09/11/13 — Local groups honor heroes

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Local groups honor heroes

By John Joyce
Published in News on September 11, 2013 1:46 PM

Members of Wayne County AARP Chapter 3381 bought a group of local heroes a doughnut and a cup of coffee this morning as they not only honored the anniversary of Sept. 11, but also the local officers who keep the community safe.

"Last year, we did the fire department," said Hilda Rouse, AARP chapter president. "We gave them a scrumptious meal. This year, we wanted to do the police and sheriff, but since there are so many of them, we decided to do doughnuts and coffee."

Each AARP chapter is required to perform a Day of Service in its community. Each year, the Wayne chapter chooses Sept. 11.

"We chose today because it seemed to be the right day for us, to commemorate a day so profound," Ms. Rouse said.

"Our motto is 'To serve, not to be served,'" Chapter Secretary Joyce Mason said.

Words were difficult for her to find, as they were for many today, to describe just what the anniversary means.

"It's sensitive," she said.

Words were also difficult to find for the men and women in uniform.

They were just as modest when the surprise delivery of boxes and boxes of doughnuts and cardboard carafes of coffee came in the door.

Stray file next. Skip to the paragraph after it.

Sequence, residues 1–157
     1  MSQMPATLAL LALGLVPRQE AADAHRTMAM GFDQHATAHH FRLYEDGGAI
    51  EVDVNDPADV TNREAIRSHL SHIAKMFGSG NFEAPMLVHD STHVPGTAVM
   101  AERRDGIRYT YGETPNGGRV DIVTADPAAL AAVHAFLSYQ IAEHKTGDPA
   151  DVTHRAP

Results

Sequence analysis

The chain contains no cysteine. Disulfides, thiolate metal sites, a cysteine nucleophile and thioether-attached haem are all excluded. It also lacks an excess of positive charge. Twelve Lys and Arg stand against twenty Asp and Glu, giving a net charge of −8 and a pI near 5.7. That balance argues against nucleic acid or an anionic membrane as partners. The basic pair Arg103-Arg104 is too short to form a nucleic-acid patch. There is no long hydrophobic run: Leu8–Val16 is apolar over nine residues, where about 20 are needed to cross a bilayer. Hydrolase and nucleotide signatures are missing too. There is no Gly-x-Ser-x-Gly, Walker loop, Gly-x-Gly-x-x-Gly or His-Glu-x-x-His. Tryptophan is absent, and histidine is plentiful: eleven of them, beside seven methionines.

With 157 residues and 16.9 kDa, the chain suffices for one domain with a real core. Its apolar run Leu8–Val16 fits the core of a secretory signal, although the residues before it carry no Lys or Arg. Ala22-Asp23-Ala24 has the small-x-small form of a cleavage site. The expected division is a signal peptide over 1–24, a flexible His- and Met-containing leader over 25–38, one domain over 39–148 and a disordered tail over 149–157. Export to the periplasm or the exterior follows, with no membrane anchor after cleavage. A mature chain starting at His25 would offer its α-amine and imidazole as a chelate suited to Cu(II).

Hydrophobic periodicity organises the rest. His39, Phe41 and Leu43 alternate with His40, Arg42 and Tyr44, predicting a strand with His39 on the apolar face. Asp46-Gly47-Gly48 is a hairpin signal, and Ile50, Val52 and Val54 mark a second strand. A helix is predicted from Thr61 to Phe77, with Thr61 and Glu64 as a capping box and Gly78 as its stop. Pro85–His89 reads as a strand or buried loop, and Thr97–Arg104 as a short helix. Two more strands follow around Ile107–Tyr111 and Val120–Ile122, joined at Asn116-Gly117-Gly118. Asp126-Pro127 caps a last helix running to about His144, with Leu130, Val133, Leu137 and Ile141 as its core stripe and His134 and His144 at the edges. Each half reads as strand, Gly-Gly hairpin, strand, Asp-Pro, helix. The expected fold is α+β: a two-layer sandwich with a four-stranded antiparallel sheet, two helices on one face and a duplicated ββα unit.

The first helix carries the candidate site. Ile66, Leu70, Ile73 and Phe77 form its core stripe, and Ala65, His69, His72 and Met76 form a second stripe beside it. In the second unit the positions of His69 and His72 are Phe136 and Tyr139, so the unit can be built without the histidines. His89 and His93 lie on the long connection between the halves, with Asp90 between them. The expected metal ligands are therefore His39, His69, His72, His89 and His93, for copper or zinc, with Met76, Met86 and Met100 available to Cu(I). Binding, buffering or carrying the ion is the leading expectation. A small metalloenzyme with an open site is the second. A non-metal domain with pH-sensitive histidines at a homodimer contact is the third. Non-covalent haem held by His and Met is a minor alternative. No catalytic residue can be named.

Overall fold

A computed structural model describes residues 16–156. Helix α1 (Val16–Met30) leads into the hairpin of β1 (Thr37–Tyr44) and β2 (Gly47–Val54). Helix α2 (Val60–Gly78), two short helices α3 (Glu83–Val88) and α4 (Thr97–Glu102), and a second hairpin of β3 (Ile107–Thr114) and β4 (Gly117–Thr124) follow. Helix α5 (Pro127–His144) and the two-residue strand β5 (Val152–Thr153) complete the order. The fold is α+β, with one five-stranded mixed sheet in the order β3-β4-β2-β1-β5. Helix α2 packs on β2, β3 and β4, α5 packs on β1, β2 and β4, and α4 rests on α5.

"I've got mixed feelings about being recognized on this day. We do it every day," Goldsboro police Maj. Mike West said. "Every day, our officers and especially their families, make sacrifices for their community."

They don't do it to be recognized, he said. It is their duty. But that didn't make the gift any less sweet.

"It is nice to be appreciated," he said.

AARP member Floyd Jones remembers being laid up in bed the day the Twin Towers fell in New York.

Stricken with ailment after ailment from his exposure to Agent Orange during two tours in Vietnam, he lost all of his left lung and part of his right.

On the day of the attacks, he was again recovering from a near fatal episode when the nation stopped in horror as hijacked planes crashed first into the skyline of Manhattan, then the Pentagon, and then, finally, a field in Shanksville, Pa.

Now, 12 years later, Jones said the decision to smile each day rather than cry is what gets him through, not just as a veteran or someone who has faced death as many times as he has, but also simply as an American citizen.